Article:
Asked how he personally relates to CIMON, Biniok, 26, said he views the robot “a little bit like a son. Sometimes, he’s really (hard) working and sometimes he’s really mean and doesn’t do the things I want him to do!”
In that case, CIMON gets a lecture in the form of revised instructions.
As for what kind of jokes CIMON might tell, Biniok said most were provided by a student and “some of them are pretty harsh. But yeah, I think that should be a surprise for the astronauts.”
The idea for CIMON came from an Airbus engineer who happened across an old cartoon called “Captain Future.”
Biniok said the show featured a robot called Professor Simon, “actually a flying brain and it looks quite similar to CIMON here.”
But the actual brain power for the initial CIMON demonstration exists in the IBM cloud back on Earth.
CIMON will relay questions or comments from Gerst to the Watson AI via the station’s satellite internet link and then relay the answer to Gerst.
Biniok said the delay between question and answer is about two seconds.
Future versions of CIMON will include on-board AI to eliminate, or at least minimize, the need for direct contact with Earth, making such advanced units ideal for long-duration flights.
“That’s our vision,” Biniok said. “We want to support astronauts, especially on long-term flights to moon, Mars and beyond. … That will be one of the next steps, move the AI components from Earth to the International Space Station or to another spaceship, especially when we are going to the moon or Mars.”
Closer to home, he said the technology also is being used by more than 20 industries in more than 45 countries “because it’s all based on IBM Watson, based on the IBM cloud, and it’s available for all companies that want to use AI in their businesses. We’re already using it in health care, in automotive, in banking, all over the world.”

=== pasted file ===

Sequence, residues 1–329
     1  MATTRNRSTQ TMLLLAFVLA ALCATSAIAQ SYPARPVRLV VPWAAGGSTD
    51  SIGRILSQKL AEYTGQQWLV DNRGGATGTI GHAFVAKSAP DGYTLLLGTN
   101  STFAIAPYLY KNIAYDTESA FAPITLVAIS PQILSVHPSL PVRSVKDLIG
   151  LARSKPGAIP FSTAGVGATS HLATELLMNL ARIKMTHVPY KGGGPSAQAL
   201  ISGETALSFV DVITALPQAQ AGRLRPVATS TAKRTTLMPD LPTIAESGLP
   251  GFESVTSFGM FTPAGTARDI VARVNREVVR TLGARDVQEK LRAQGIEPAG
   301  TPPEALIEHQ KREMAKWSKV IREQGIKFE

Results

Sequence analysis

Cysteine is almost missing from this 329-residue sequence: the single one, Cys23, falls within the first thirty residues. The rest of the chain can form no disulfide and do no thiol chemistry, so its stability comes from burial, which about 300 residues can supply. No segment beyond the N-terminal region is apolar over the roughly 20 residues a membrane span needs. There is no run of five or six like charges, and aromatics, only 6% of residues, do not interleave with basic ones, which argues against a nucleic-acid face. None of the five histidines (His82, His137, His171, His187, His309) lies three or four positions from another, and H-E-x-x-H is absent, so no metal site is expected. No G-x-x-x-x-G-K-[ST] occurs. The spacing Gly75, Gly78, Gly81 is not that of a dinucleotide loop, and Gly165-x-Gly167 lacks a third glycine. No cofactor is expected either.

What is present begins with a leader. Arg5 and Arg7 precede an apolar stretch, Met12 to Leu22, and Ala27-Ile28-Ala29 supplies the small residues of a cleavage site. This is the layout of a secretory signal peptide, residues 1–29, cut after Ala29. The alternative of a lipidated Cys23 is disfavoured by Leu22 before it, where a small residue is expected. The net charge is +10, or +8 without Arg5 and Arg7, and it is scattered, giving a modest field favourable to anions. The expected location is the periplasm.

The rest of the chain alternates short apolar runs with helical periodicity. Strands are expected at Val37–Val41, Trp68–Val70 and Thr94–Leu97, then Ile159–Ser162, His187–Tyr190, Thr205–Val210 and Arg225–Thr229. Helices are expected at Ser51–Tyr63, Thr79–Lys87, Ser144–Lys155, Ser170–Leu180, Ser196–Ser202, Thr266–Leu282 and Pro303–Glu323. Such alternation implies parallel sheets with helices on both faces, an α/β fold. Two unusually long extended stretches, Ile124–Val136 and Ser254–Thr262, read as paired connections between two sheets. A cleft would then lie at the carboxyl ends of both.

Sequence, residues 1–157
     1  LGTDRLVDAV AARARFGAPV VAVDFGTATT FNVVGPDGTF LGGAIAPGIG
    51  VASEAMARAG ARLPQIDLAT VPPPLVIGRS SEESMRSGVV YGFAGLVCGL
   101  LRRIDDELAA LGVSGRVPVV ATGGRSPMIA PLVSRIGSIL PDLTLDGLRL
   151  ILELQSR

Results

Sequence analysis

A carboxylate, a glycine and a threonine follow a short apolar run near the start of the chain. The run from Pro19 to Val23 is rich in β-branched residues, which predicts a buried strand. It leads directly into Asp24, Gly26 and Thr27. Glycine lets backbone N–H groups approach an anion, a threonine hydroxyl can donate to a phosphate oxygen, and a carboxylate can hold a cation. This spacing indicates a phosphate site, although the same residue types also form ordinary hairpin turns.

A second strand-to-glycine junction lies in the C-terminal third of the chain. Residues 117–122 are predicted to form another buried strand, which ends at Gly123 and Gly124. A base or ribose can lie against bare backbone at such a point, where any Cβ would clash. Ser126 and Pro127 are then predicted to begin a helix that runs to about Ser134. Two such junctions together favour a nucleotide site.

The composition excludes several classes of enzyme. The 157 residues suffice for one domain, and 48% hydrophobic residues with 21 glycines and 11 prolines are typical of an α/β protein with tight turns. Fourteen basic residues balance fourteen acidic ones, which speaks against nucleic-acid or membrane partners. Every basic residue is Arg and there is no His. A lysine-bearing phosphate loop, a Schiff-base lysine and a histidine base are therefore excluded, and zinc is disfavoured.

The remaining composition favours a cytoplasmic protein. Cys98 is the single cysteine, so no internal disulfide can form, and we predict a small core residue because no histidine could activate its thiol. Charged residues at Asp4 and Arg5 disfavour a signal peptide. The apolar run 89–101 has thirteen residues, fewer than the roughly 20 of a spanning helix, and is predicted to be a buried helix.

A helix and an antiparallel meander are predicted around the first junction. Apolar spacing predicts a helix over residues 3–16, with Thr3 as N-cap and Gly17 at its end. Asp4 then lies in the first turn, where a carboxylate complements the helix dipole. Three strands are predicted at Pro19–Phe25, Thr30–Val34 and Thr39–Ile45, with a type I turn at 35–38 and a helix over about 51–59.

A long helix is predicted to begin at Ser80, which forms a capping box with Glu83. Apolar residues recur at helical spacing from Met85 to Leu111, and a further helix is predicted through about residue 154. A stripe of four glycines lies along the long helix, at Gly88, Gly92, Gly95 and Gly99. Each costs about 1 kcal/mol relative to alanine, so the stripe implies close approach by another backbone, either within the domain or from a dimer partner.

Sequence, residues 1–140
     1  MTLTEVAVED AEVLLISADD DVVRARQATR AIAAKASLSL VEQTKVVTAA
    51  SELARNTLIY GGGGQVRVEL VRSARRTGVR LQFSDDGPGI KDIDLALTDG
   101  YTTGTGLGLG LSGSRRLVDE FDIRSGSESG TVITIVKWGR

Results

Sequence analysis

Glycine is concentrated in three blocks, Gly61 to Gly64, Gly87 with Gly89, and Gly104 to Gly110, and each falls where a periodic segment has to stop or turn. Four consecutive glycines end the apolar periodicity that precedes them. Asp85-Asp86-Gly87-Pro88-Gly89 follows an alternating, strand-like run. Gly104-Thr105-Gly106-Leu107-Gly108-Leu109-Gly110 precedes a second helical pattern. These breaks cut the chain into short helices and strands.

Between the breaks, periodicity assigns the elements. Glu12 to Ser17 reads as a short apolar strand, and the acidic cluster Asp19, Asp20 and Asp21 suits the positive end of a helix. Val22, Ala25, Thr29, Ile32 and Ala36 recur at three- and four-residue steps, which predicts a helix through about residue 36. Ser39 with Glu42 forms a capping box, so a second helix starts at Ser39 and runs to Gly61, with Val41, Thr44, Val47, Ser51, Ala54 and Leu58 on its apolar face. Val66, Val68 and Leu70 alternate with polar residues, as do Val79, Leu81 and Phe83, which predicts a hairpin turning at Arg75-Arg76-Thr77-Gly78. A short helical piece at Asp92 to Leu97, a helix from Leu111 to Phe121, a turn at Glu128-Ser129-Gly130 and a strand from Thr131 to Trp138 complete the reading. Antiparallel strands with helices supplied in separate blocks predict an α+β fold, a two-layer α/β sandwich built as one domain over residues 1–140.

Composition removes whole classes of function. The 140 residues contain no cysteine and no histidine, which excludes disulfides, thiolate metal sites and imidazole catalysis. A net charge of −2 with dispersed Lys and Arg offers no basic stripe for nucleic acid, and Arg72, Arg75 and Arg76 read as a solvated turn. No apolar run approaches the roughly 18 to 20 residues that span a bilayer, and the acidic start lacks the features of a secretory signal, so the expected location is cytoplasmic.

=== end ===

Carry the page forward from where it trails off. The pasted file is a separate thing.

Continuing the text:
For its first space flight, CIMON will attempt a few relatively straight forward tasks, assisting German astronaut Alexander Gerst as he works through procedures for an experiment, helping him solve a Rubik’s Cube and a few others.
Equipped with microphones that can tell where Gerst is when he speaks, CIMON will turn to face the astronaut and fly over to his location to assist with a given task.
It will even bob up and down as if nodding its head in agreement or rotate side to side to indicate a negative response.
The idea is for the Watson AI, loaded with flight procedures, experiment and maintenance details, to eventually serve as a smart assistant for astronauts, learning on the job and providing quick answers to complex questions.
“Imagine you are an astronaut on the ISS and you have to conduct a sophisticated experiment,” Biniok said. “Right now, you have to float to a laptop and look up a pdf procedure, maybe you have to search this pdf document for a specific step, then you have to float back, maybe put on gloves again and continue working on your experiment.”
Such routine operations take time, he said. But with CIMON, “You can just ask those questions and let him guide you through the whole experiment.”
“I think that’s what CIMON is good for, he can increase the efficiency of the astronauts and therefore, decrease the time-consuming factors by just letting the voice speak,” Biniok said. “He can just ask CIMON, ‘what’s the next step? What should I do now? What kind of tool do I need to use right now?'”
The first space-based tests are expected in a few weeks.